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February 08, 2010



I've often thought, in the broadest terms possible, that Ireland is like Japan in one respect. They have a saying in Japan that the nail that sticks up must be hammered down. No one individual must be seen to depart from the often unstated accepted social mores. There seems to be some unwritten scripts that one follows given a certain situation. As I've read various comments, the striking similarity of concensus (from the far left into the mainstream) is that Lee got too big for his boots and is throwing his rattle out of the pram, so to speak. He committed a cardinal sin in Southern Ireland. He didn't conform to some faux pas notion of social consensus that strangely exists. As the centralisation of money and power continues apace in the South (never waste a crisis) the chimera of concensus, largely animated by the MSM, remains in tact if not reinforced. Lee brought undue attention upon himself for all the wrong reasons, as an individual, and must now be treated as a social misfit, sort of.

Rowing back a wee bit, I'd give credence to the main point of the post. It's very possible that his ideas were a bit "yesterday", and furthermore he probably didn't have the lobbying skills necessary to get his viewpoints or agenda across to the party as he saw fit. What I see is a guy who made a terrible career choice, realised his mistake if not his limitations, and decided to cut his losses and move on in life. That he choose to leave politics altogether rather than follow socially accepted conventions and become an independent seems like an insult to many Irish politicos. He didn't carry on the charade of social concensus that the system is performing as it should. The system, if rejected by an individual, is always correct. So, therefore, there must be something inherently wrong with the individual.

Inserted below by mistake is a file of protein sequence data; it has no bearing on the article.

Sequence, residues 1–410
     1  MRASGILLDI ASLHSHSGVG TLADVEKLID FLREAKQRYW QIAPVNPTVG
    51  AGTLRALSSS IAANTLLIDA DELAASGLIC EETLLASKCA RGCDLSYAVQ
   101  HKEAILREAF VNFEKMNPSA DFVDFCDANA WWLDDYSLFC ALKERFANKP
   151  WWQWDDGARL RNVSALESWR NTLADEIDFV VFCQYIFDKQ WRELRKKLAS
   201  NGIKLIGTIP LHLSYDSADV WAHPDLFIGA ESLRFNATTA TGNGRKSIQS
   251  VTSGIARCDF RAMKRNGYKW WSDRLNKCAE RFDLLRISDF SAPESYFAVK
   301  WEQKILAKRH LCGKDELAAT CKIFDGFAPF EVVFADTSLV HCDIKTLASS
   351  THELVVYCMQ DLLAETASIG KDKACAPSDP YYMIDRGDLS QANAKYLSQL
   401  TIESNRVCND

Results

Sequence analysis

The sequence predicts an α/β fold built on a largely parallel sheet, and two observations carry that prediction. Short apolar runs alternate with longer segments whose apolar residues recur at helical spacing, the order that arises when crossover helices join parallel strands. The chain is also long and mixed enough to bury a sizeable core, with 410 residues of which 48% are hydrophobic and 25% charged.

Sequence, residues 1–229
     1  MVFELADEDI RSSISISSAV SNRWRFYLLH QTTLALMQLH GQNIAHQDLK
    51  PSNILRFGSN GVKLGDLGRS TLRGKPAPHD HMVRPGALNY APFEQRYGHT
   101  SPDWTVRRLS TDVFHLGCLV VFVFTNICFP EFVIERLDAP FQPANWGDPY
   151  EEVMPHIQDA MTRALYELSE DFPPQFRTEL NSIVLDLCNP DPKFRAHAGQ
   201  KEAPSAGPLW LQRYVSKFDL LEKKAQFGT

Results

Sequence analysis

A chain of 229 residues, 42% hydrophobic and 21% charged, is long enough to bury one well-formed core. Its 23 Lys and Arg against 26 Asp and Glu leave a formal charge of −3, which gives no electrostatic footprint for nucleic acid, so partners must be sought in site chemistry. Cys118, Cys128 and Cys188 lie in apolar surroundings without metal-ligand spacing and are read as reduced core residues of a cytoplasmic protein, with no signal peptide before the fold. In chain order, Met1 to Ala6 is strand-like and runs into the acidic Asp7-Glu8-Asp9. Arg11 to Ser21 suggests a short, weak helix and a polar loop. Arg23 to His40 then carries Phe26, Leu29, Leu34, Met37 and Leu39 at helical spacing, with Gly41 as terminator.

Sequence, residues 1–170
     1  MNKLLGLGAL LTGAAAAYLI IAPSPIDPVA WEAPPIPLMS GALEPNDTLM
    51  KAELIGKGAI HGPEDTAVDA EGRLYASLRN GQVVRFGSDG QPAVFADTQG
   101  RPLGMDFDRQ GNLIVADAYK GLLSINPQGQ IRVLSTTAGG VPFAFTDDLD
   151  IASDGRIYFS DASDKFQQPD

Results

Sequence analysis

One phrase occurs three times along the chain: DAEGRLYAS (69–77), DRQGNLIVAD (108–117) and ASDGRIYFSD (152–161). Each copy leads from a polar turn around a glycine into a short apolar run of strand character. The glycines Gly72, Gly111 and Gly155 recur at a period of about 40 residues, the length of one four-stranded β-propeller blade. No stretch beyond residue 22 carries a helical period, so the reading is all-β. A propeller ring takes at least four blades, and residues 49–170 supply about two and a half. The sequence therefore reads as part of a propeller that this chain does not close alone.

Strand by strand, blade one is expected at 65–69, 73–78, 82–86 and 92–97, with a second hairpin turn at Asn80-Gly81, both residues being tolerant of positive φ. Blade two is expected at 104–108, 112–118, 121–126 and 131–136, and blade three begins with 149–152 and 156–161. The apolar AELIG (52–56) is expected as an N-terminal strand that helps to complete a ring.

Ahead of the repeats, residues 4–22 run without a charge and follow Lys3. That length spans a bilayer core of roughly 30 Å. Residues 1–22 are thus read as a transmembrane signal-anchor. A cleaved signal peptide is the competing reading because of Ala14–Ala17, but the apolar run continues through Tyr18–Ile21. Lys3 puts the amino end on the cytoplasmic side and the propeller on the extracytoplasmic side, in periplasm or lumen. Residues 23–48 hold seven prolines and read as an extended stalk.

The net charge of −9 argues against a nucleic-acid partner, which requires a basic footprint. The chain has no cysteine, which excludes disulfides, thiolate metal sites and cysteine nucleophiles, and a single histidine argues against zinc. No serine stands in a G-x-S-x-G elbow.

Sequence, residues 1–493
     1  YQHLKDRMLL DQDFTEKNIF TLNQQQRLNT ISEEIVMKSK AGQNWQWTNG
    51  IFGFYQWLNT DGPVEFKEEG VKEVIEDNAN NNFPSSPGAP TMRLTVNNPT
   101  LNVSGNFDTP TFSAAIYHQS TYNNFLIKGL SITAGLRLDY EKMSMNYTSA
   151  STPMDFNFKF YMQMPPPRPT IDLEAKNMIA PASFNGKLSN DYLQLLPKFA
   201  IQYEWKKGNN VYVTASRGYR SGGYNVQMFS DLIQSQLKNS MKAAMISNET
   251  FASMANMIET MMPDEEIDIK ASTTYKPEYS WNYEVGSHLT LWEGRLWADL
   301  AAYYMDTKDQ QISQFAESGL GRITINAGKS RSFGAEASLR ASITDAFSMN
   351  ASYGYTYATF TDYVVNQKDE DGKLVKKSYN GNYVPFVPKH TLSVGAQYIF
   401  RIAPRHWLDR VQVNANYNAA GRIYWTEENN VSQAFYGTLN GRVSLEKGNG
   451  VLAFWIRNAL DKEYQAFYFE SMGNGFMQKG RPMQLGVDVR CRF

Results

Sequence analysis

And, heaven forfend, if someone says the entire social and political system is rotten and malfunctioning, and really means it. It's ok to pillory a political party, an organisation or an individual, but never say that Ireland, as a comprehensive whole, isn't somehow less than correct in how it functions. If you're lucky you're only boycotted, but emmigration is the better option. (Ok, overstated, but I like hyperbole.)

Dr. X

I don't see anything hyperbolic at all in your last paragraph, tgmac.

But not all 'sticking-up nails' are hammered down in this country. If you're in with the in-crowd you can get away with most things, as far as I can see. . .

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